Are you renewing or taking out insurance for the first time?
Perhaps you’re thinking of lending your car to your friend or relative? If so, you should consider named driver insurance.
What is a Named Driver?
A named driver (or additional driver) is someone added to another person’s insurance policy.
They can include friends, family, a partner or even someone connected through work. Although they are not the main driver of the car, they can still benefit from the same level of cover.
Remember that it’s a legal requirement to have third-party only
insurance in Northern Ireland. So, if you plan on driving another person’s vehicle then you must ensure that you are covered under their insurance.
It’s important to note that the main driver or policyholder is the one who does most of the driving. Be careful to avoid fronting which is a type of motor insurance fraud. This happens when the policyholder claims to be the main driver of a car when in fact it’s the named driver who uses the car most often. Fronting is becoming more widespread at the moment due to the cost of living crisis and high premiums for younger drivers but it is fraud so please avoid it!
How Do You Add a Named Driver to Insurance?
For an existing policy, usually you can contact your insurance company to add someone to your policy.
For a new policy, there will be an option to include an additional driver on your policy during the quoting process.
To add a driver, you’ll need the following details:
- Full name
- Date of birth
- Driving experience
- Claims made in the last five years
- Motoring convictions in the last five years
Is a Named Driver Fully Comprehensive?
The type of insurance the named driver will be covered under is the same as that of the main driver.
Therefore, if the main driver has third-party only insurance, then the additional driver will only have TPO cover too. Same concept applies if the main driver is fully comp, the additional driver will also be covered under fully comprehensive insurance too.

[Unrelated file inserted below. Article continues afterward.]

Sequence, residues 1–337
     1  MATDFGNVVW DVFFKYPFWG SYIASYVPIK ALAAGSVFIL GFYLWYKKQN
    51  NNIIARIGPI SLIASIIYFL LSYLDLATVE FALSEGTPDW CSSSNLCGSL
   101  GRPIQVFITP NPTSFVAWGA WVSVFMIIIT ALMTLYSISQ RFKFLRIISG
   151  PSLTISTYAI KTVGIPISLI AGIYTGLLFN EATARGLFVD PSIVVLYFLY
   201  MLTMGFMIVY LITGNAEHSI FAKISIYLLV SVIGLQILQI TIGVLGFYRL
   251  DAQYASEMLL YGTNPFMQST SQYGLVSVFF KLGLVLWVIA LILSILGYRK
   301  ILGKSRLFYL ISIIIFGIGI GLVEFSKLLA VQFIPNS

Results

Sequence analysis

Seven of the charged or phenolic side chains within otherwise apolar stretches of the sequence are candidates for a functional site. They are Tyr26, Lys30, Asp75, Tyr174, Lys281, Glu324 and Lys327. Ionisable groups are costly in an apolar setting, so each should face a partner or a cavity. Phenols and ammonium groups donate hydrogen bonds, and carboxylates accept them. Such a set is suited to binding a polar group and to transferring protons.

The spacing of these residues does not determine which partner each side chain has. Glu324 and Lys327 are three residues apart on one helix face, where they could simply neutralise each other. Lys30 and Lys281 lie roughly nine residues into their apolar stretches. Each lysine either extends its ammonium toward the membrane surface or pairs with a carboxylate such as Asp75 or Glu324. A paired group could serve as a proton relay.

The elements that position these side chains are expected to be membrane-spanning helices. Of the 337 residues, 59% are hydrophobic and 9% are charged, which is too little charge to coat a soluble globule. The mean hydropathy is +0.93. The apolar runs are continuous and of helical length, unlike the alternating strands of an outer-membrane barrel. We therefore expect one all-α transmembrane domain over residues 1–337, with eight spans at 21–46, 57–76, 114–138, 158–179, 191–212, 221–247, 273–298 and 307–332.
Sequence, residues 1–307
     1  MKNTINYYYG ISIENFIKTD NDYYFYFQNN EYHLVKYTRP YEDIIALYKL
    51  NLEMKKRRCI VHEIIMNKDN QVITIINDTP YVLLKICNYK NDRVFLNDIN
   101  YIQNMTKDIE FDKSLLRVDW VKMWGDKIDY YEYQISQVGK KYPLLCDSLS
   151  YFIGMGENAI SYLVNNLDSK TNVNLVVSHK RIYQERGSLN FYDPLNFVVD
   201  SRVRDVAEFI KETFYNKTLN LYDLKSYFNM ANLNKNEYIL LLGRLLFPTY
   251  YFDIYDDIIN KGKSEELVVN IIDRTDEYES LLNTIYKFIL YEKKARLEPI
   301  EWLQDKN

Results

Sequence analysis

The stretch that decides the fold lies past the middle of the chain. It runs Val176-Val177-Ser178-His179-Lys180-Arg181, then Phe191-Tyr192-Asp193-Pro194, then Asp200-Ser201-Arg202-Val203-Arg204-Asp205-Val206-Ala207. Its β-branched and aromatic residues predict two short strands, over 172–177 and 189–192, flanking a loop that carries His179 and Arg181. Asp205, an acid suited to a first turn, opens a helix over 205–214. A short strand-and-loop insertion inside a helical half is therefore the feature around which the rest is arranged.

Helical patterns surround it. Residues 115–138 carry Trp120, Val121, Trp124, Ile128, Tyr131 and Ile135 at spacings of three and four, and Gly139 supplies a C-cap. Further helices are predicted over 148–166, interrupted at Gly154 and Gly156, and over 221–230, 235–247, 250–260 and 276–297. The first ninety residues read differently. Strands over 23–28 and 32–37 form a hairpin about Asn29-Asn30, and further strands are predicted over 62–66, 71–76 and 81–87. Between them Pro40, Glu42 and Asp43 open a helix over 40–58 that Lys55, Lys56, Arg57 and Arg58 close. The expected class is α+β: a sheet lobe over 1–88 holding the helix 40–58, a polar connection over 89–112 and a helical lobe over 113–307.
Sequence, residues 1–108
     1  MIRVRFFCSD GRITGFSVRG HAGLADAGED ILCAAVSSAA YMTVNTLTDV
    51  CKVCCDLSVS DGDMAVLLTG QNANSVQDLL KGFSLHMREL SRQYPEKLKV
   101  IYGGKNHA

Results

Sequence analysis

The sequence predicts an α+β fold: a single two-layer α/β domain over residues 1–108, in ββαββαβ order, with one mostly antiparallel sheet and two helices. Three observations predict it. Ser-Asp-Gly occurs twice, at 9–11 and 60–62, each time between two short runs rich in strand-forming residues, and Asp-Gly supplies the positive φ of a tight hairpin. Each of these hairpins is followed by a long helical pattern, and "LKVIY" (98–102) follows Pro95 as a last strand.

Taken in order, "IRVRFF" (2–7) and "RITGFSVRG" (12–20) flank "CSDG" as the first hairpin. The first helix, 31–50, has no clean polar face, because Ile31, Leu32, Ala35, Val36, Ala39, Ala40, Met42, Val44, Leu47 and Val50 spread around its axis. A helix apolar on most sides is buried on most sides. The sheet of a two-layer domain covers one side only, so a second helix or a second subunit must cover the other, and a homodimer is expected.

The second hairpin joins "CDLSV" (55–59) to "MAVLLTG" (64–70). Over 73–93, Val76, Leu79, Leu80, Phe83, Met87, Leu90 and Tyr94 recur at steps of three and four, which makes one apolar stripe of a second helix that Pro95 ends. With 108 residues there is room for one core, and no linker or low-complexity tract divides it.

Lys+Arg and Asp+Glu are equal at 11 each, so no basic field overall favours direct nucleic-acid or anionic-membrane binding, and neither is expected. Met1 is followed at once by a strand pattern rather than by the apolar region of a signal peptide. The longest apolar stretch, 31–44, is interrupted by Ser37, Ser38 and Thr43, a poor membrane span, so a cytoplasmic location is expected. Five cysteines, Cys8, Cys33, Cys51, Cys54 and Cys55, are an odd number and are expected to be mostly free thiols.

Named drivers are also typically covered for optional extras such as breakdown or roadside assistance.
Does a Named Driver Need Their Own Insurance?
A named driver doesn’t need their own insurance.
The only time you’d need your own insurance is if you were to be added as the main driver of a car. If this is the case, then you’ll need to take out your own insurance policy.
Does Adding a Named Driver Reduce Insurance?
One of the main benefits of adding a named driver to your insurance policy is reduced premiums.
This is often the case with newer or less experienced drivers who wish to take out a policy in their own name. Adding a more experienced driver is just one way to get cheaper car insurance.
Be sure that whoever you add has a clean driving record and is fully licensed – for example, many drivers will add a parent.
On the other hand, adding someone with less experience or someone with penalty points can increase your premium so be very careful when deciding who to add.
Can a Named Driver be the Main Driver?
If a named driver does most of the driving, then it’s called fronting which is totally illegal.
Sometimes unknowingly, parents or guardians often take out policies in their own name but let their children do most of the driving so they can benefit from reduced premiums. If you plan to do this, ensure that you know that this can be classed as insurance fraud and there may be consequences.
Can You Be a Named Driver on Two Cars?
Because a named driver won’t be driving someone else’s car as often as the main driver, they can also be insured on another car.
It’s perfectly legal to be the named driver on more than one car so long as you only use the car occasionally and are insured on all vehicles you drive. A named driver can also have an insurance policy in their own name.